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The Antiwar Movement: The Vietnam War Movement

Decent Essays
The Vietnam War raged on from 1954-1975, taking over three million lives with it. Conflicts rooted in the cold war resulted in the United States sending troops to defend South Vietnamese democracy. However as the war became more lengthy and expensive, many civilians began to protest the United States participating in the war, creating the Antiwar Movement. Though the movement had lasting effects on society, it did not immediately cause the United States to retreat from Vietnam. The antiwar movement of the 1960’s, which is deeply connected with the transcendentalist belief of Civil Disobedience, protested the involvement of the United States in the infamous Vietnam War, and has had numerous effects on the American Military and Government to this day. However, the movement that strived for peace did not completely accomplish its goal of ending the United States’ involvement in international armed conflict.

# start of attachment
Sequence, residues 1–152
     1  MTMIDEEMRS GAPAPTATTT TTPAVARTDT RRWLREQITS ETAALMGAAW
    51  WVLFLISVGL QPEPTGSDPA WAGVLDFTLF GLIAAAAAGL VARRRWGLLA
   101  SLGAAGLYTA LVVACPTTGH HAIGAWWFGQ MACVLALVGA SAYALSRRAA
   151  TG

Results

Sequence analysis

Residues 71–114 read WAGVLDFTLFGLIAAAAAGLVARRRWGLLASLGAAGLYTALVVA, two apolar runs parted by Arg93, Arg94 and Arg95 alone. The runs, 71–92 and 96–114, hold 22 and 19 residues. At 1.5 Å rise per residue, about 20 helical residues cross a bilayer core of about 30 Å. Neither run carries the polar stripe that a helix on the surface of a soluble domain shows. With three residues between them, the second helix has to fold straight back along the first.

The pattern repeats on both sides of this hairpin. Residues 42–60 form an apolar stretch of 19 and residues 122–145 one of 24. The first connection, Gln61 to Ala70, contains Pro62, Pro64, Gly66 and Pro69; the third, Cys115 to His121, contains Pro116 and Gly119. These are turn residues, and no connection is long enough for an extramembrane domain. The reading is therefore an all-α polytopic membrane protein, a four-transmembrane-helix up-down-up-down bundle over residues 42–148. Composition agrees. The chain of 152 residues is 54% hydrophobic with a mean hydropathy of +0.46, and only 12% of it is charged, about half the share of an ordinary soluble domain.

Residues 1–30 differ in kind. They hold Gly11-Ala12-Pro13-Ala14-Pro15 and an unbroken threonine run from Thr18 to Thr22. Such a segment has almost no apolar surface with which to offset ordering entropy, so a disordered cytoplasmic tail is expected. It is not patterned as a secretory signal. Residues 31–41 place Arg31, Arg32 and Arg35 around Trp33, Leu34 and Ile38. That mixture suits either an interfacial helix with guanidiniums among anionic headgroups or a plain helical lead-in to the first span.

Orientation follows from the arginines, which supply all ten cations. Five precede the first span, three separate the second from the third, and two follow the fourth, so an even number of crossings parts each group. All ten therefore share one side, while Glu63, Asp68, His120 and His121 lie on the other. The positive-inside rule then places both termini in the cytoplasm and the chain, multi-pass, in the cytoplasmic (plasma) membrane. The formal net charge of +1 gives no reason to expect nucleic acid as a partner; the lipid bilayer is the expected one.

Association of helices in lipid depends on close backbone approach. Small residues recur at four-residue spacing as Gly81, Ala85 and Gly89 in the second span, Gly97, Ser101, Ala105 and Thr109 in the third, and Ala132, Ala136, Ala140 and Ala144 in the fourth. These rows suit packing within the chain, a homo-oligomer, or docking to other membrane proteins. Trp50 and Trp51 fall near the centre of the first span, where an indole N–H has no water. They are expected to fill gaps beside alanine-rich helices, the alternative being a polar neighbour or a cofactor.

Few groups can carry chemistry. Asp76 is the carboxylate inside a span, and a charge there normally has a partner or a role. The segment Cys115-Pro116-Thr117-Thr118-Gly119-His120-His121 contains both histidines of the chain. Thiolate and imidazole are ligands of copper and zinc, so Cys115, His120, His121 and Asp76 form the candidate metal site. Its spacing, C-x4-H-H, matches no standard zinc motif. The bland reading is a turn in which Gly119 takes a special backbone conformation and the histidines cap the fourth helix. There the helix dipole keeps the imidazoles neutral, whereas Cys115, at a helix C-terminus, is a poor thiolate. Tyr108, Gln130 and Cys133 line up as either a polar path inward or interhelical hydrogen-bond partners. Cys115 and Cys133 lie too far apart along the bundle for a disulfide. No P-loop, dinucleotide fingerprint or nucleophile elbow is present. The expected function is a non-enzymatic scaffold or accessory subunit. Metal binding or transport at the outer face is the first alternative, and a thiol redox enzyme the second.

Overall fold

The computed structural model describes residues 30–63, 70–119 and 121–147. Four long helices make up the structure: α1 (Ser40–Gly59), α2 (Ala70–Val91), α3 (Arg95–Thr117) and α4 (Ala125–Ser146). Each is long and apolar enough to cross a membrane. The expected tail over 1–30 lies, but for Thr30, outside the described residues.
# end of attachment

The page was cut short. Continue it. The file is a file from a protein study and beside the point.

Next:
“It is impossible to win a long protracted war without popular support” (The Antiwar Movement). The Antiwar movement had a significant impact on the United States Military, as the movement reflected the power of civilians in their government’s fighting force. In the beginning of the war, the United States Military had the support of its people in the pursuit to protect
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The Vietnam War began in 1954 with an expected amount critics but these opponents eventually became the basis for the movement. Protests and demonstrations over time gained momentum, creating a community of civilians working to bring troops home from Asia. While the war did end in 1975, it took the antiwar movement alongside the government almost 20 years to do so. The movement also did not prevent the United States from entering other international armed conflict, one of their main goals. In the years to come the United States found itself in other conflicts such as the Persian Gulf War and the Iraq
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